Saturday, 18 December 2010


It's James Bond's first term (or rather, his first half) at Eton and things take a bit of getting used to. Odd rules and customs seem incompressible and some of the older pupils can be, well, bullies. Soon, however, it's the Easter holidays and a chance to rest at the home of his Uncle in the highlands of Scotland, near Loch Silverfin. Little does he know that things are about to take a dark twist and he will find himself drawn into an adventure he never expected...

This is the first of Charlie Higson's Young Bond novels, which are fully authorised by Ian Fleming Publications. In it he begins to construct a back story for Bond' and his early life as a child in post World War I Britain. 

Higson has cleverly taken the essence of Bond's character  - grit, courage and determination - and transposed it to into a younger, more naive vessel. He has also taken the best loved elements of the films - the manic villain, the chases, the Bond girl - and worked them into the plot, thus enhancing the authenticity of this as a part of the Bond canon. 

Despite being set between the wars, he has given the characters - and their dialogue - a current feel in keeping with his young audience. Although slightly odd, from the perspective of an older reader, this approach does work and the target audience (11-13 year old boys, I'd say) will take it for granted.

There are a couple of places where, for me, he does misses the mark, though. For instance, I thought naming the girl Wilder Lawless was fun but naming her horse Martini was a bit much. Such squabbles were minor though and did not detract from my enjoyment of the book. Indeed, I liked it so much I have already added the next, Blood Fever, to my Amazon wish list.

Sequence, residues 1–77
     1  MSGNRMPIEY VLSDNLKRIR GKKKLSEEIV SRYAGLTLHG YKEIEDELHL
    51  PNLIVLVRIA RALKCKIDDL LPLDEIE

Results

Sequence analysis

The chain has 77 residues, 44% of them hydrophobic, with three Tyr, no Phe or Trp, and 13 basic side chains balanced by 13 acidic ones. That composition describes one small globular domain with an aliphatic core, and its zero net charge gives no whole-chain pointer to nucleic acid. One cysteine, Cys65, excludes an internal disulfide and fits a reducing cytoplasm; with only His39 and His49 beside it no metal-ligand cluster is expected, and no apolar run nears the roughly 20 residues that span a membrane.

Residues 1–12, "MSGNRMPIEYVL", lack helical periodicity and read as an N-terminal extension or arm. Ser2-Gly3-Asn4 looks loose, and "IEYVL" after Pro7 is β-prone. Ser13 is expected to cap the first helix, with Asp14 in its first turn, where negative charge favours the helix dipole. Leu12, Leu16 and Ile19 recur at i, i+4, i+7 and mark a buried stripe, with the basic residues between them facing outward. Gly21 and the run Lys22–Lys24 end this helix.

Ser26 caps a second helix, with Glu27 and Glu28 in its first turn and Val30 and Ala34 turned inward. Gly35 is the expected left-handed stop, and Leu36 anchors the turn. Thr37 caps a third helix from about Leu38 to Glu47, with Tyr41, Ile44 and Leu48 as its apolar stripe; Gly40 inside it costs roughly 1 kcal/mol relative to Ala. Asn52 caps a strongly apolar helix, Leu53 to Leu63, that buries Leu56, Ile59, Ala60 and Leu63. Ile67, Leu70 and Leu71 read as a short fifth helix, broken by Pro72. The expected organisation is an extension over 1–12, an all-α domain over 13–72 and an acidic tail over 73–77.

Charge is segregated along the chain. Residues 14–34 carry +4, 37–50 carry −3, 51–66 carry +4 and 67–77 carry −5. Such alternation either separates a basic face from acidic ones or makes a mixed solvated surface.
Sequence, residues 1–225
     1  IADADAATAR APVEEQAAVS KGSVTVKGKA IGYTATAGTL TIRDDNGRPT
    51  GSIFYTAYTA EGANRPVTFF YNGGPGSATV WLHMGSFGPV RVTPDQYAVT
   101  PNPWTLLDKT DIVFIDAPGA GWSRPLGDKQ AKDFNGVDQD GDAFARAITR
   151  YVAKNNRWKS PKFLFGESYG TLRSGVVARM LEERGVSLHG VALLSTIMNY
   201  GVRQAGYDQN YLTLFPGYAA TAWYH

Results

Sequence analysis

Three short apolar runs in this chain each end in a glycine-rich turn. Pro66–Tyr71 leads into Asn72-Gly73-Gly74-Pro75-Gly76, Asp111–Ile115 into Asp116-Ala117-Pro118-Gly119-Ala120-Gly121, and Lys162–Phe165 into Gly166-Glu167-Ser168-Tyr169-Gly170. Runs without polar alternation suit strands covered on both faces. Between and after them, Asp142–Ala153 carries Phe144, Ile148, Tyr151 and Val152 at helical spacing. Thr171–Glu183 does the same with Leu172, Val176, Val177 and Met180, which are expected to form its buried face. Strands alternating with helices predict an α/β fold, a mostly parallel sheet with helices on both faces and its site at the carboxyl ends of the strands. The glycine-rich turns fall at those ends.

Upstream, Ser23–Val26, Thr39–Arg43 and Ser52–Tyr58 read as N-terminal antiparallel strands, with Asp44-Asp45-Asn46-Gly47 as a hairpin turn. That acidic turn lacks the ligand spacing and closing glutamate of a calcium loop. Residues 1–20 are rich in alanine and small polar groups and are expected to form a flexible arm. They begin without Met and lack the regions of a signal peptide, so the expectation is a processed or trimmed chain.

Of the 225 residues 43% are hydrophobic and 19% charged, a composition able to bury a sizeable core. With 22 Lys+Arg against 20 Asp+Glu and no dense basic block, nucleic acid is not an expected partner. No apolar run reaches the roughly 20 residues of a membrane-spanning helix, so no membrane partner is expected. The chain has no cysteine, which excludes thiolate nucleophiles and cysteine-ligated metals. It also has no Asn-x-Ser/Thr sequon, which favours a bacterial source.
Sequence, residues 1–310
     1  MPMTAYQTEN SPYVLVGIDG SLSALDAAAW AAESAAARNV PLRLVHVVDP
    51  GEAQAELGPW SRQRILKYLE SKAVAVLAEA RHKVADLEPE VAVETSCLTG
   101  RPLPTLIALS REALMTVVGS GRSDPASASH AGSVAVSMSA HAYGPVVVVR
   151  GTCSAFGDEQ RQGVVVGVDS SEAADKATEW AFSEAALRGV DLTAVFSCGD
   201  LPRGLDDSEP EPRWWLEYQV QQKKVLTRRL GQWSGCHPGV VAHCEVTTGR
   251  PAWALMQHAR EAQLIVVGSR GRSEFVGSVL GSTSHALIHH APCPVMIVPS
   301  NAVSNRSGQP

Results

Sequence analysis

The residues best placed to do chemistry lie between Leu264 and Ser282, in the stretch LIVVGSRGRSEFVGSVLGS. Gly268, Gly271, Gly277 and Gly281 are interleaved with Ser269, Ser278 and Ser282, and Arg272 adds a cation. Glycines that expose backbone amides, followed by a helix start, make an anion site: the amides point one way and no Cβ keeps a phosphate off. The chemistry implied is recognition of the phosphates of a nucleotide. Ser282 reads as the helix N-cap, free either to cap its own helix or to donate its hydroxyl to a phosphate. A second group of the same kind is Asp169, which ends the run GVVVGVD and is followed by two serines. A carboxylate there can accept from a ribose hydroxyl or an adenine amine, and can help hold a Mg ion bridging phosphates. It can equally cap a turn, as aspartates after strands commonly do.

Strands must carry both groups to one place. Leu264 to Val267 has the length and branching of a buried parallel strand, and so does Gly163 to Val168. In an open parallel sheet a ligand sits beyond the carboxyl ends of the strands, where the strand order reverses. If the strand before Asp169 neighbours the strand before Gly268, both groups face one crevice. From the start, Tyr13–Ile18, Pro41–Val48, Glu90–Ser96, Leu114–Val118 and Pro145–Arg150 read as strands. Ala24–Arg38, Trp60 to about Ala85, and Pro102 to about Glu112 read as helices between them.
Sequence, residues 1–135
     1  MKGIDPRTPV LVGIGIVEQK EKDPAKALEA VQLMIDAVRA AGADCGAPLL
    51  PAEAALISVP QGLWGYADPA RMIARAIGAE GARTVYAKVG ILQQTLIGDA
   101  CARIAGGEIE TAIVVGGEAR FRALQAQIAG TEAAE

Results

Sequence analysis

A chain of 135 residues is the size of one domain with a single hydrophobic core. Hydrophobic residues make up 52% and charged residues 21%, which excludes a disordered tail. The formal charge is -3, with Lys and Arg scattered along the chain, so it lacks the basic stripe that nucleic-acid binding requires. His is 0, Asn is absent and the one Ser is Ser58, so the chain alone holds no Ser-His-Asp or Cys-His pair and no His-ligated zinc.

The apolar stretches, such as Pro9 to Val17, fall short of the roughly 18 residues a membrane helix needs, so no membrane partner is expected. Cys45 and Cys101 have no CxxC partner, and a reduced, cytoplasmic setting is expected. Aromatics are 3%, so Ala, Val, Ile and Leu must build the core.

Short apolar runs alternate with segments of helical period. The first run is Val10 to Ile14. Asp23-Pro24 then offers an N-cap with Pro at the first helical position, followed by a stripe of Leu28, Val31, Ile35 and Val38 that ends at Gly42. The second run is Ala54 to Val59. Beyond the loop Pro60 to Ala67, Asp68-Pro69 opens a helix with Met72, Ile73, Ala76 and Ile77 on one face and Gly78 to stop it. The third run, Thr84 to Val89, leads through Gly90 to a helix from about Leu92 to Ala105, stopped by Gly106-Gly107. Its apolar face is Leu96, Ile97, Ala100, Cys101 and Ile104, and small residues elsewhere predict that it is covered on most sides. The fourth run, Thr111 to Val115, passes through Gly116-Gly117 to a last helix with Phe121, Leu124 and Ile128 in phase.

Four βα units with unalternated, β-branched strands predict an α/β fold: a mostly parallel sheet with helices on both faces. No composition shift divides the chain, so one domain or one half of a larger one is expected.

I'd thoroughly recommend Silverfin to any fan of James Bond, young or old.


1 comment:

Raybeard said...

Useful recommendation, which I really must follow up - eventually.
Only just got round this year to reading Sebastian Faulks' 'Devil May Care' with which I was quite impressed, even though, despite Faulks being one of my favourite contemporary authors, he lacks the words-tumbling-out-breathlessly style of Fleming which was what really made the originals so readable, putting aside (if one can be allowed to) the occasional misogyny and homophobia, the latter especially surprising seeing as Fleming was so friendly with Noel Coward; in fact their Jamaican residences were adjacent. But the Bond books are still gripping tales of a digestible length, which one can read right through in one sitting of two hours or so. Every few years I read Fleming's entire Bond canon in chronological order, the latest turn being the 6th time at least.
So anyway, I'll certainly put 'Silverfin' on my 'books to catch' list. Thanks.
('Wilder Lawless' indeed! - though not nearly as provocative as 'Pussy Galore' or, in the film only, 'Plenty O'Toole'!)